WATCH THE VIDEO

Nonprofit organizations may not be in business to make money, but they must still pay close attention to their finances to achieve their mission. Nonprofits, like all organizations, need to have enough money to pay salaries, run programs, purchase goods, or pay debts. Often nonprofits come under fire when they don’t have a good financial balance, have too much cash, have high expenses, or are not putting the right amount of money toward programs serving their mission. Tracking the financial health of a nonprofit is not only the responsibility of the chief financial officer but also of its administrators, board members, directors, and key program staff.  It's the responsibility of the entire organization to engage in the process and secure the organization’s ongoing financial health.  

In this course, Professor Grasso draws on a wealth of first-hand experience with nonprofit management to give you a guided tour through the structure and interpretation of typical nonprofit financial statements. Professor Grasso will walk you through reading and interpreting financial statements including an income statement, balance sheet, and cash flow statement. Using financial ratios, he will show you how to analyze the health of an organization by analyzing its cash reserves, debt burden, and expenses. You will practice calculating 10 different ratios and interpreting their results. And Professor Grasso will provide you with guidance on how to adjust your organization’s strategy based on those results. 

As you move through the course, carefully-crafted tools and activities will guide you in applying what you learn about financial assessment and management to the specifics of your own nonprofit organization. 

Today, with increasing competition, it’s more important than ever that nonprofits create realistic and manageable budgets. Budgets that draw on both the unique history of the organization and funding sources willing to support them in meeting their mission. However, this alone is not enough. Your organization’s budgets and planning must be designed to handle variance based on market changes. Increasingly, nonprofits need to think about their competition, how to compete, or even how to partner with outside groups to become more successful.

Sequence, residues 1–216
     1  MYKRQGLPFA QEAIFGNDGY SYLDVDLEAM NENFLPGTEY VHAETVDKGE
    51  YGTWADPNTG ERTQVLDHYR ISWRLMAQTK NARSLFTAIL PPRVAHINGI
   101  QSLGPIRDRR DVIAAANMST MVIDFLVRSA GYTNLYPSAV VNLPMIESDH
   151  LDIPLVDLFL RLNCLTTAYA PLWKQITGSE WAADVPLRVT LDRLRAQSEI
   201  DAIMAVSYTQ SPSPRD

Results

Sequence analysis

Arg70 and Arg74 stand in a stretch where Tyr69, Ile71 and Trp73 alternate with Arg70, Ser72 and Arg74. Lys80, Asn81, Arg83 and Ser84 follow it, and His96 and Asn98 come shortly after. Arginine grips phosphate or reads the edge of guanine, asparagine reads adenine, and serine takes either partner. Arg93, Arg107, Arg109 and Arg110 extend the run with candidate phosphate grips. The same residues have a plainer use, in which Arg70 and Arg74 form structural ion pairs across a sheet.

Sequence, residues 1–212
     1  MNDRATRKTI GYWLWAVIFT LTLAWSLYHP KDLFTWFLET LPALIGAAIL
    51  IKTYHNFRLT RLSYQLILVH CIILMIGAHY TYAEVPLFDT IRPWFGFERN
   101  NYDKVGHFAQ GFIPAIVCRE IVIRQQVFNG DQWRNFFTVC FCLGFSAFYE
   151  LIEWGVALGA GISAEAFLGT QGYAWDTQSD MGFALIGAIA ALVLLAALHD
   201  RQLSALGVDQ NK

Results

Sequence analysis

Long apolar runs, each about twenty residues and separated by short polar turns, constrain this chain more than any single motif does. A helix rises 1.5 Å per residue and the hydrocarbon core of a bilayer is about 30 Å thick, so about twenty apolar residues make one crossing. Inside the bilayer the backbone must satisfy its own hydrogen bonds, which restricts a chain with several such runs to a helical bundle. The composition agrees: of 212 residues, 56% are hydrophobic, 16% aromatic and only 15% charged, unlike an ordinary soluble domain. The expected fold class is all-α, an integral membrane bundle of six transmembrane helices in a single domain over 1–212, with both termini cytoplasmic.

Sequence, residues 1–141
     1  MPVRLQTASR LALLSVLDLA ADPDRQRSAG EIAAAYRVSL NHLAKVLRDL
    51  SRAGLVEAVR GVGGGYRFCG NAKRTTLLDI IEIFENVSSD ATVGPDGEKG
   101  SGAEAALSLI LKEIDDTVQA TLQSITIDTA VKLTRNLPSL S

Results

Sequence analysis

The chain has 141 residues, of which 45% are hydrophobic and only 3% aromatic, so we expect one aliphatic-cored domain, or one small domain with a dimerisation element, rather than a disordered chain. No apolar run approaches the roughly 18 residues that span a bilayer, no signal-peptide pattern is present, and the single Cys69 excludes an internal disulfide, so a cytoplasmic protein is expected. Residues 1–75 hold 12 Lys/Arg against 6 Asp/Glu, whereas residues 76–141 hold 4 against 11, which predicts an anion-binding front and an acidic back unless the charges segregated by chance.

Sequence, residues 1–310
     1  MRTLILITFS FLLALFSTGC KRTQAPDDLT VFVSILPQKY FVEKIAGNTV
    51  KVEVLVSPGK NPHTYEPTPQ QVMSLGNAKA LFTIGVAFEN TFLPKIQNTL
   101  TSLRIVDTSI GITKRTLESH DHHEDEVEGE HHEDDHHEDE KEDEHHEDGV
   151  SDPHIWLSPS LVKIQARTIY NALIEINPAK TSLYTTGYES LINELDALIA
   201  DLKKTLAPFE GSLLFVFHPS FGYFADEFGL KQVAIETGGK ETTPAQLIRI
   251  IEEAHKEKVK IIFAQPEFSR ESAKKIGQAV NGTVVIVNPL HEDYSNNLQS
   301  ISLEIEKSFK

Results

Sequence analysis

In this course, Professor Joseph Grasso walks you through the budgeting process. He covers the main elements of a budget and the different types of budgets. You'll then see how Porter’s Five Forces and other analytical frameworks can be used to make budgeting and financing decisions.

As you move through the course, tools geared toward use on the job and carefully crafted activities will help you apply budgeting, debt management, and cash flow concepts and principles to your own nonprofit situation. 

Often when you think of nonprofits, you don’t think about revenue generation. But nonprofits, not unlike for-profits, need to generate a certain amount of revenue to run their organizations. Often that revenue generation happens through fundraising efforts. However, there are many other options. 
 
It’s important to remember that nonprofits are mission-driven organizations. While they do need to stay mission focused, they also need to bring in money to achieve their missions. This course will cover the basics of fundraising, lobbying, grant writing, working with community and family foundations, and using social networking, marketing, and branding, all in efforts to bring in more revenue. Professor Grasso will share models of fundraising, approaches to other funding, and strategies for organizational communication. 
Whether you’re starting a new nonprofit or leading a well-established one, it’s important to have refined and planned strategic governance. Organizations follow a lifecycle pattern that is predictable. But some organizations fail, while others thrive. Often the deciding factor is their governance structure and members. 
 
In this course Professor Grasso, a seasoned nonprofit leader and board member, will share insights into governance at all stages of an organization's life cycle. You’ll have a chance to examine the creation of a board and governance structure, evaluate the mix of an active board, and refine the management of an organization using RAPID decision making. You’ll also explore avoiding and leading through organizational decline and even rebirth into a stronger and better nonprofit.